‘I feel a sense of pride’: West Charlotte Coffee Shop Preserves Black History and Culture

CHARLOTTE, N.C. —   Kenya Aurgson is a barista at Archive, but for her it’s more than just a job. 

” It feels comfortable. It feels like I’m meant to be here and I feel like I belong and I feel like my whole existence  I’ve waited for something like this,” Aurgson said. 

 It’s  a one of a kind place that gives her a space to not only share coffee, but Black history and culture. 

” To immerse them into the culture that we’re creating here and to tell them why we’re doing these things and our vision and mission statement,” Aurgson said. 

 From the images on the wall of historical figures to black relics, owner Cheryse Terry said  she opened Archive six months ago as a way to preserve black history through collecting Black memories and stories. 

” Its important for us to continue those stories and continue the legacy in which we walk in just so we can build on it,” Terry said. 

The  shop is located on Beatties Ford Road which holds its own historical significance for the Black community in Charlotte. 

” Having Chatty Hattie, who is the first Black woman on the radio, who still lives in this neighborhood.  We have Rudean’s  who is a former restaurateur that started her business at 15 and knowing her business is right here on Beatties Ford Road I feel honored to walk alongside some of those legends,” Terry said.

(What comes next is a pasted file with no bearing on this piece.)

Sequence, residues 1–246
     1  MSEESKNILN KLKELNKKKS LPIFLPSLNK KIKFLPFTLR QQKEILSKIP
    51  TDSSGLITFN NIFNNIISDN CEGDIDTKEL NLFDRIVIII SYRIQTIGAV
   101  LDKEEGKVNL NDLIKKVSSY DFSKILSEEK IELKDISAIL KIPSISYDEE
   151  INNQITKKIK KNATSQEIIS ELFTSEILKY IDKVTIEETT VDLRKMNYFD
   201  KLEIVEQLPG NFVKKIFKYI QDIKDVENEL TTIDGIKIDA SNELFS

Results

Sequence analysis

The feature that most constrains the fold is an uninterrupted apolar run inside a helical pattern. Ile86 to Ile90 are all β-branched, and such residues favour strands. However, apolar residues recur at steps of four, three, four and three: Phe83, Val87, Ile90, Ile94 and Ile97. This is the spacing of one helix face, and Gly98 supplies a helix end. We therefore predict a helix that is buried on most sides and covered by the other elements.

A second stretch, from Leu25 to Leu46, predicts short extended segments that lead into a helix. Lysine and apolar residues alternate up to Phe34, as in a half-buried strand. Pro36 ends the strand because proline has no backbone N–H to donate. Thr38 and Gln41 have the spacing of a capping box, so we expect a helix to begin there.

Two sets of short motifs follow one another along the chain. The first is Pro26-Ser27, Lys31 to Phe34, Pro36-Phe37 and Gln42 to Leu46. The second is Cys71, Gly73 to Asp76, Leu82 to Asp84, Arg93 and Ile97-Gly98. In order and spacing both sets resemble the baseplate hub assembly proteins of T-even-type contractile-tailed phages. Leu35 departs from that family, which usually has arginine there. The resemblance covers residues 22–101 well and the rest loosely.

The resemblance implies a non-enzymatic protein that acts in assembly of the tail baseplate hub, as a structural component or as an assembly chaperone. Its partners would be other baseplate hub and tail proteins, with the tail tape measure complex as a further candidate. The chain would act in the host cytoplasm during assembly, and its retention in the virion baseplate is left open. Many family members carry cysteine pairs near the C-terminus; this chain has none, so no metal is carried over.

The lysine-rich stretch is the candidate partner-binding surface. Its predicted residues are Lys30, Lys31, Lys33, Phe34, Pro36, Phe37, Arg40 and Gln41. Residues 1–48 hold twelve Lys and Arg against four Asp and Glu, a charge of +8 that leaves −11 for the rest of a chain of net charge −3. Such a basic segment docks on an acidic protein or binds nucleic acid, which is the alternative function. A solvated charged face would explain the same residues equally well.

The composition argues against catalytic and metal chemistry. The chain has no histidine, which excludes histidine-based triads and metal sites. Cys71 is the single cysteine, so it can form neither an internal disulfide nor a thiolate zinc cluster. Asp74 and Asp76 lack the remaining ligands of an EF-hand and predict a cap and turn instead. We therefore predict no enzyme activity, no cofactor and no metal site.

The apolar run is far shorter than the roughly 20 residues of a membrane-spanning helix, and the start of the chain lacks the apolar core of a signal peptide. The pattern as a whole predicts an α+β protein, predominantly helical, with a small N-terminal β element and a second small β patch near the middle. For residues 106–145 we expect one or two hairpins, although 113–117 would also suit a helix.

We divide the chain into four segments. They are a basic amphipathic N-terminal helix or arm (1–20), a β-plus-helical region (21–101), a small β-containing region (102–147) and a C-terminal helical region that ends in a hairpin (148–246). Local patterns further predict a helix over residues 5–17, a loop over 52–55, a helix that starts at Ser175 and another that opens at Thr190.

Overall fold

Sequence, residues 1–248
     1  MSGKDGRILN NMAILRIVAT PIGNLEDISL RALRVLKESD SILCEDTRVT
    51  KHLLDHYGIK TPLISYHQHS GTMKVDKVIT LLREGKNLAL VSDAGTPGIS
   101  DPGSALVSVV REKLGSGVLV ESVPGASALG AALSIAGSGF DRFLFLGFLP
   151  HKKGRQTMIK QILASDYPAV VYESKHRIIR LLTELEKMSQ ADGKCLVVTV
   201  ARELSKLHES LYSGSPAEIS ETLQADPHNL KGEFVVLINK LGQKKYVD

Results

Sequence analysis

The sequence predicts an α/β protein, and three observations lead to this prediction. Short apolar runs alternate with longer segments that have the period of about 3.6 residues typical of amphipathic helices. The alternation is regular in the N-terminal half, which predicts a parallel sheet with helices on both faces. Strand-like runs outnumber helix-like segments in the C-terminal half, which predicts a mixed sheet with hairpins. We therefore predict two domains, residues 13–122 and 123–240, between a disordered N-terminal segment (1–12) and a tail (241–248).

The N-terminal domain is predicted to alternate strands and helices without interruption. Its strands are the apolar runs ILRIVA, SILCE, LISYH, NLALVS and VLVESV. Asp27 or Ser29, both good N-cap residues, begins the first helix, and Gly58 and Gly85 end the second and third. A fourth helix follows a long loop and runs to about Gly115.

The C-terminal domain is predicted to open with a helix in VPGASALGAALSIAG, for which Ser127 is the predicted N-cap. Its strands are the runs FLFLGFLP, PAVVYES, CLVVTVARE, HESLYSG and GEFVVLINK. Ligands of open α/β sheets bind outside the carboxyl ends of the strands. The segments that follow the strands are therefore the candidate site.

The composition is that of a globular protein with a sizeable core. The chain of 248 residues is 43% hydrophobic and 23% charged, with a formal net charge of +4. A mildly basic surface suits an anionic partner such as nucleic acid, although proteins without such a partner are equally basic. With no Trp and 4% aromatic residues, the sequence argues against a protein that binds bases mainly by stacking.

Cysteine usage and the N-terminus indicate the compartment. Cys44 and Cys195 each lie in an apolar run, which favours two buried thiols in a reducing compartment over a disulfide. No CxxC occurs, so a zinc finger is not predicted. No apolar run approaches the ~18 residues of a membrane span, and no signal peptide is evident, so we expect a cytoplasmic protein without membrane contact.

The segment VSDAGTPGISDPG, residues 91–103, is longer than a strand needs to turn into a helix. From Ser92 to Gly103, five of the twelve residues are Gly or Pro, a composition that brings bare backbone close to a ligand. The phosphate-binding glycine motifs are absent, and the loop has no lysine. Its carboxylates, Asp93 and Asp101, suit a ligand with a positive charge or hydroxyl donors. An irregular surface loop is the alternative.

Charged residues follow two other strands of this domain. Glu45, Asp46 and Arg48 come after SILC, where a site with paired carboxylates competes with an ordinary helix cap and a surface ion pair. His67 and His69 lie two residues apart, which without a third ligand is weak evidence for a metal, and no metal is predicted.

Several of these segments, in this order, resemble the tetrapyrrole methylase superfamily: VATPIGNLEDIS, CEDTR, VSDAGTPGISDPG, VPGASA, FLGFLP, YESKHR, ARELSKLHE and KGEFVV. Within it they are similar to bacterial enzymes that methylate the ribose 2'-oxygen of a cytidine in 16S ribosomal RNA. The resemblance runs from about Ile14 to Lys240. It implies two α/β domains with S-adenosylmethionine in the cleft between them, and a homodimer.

Part of Archive’s mission is connecting the past to the present, by creating a space for people to share memories and learn from their history. 

” It’s  the legacy that we’re breathing that as we interact with others and meet new people, but also the people that’s here that made a way for us to be in the space that we’re in,” Archive general manager Javarian Holley said. 

 It’s that connection Terry said  gives her a sense of identity and gives something back to the Charlotte community. 

” Just impacting my community in the little way that I can and just encouraging preservation is such a small part of a larger history, but I feel a sense of pride.”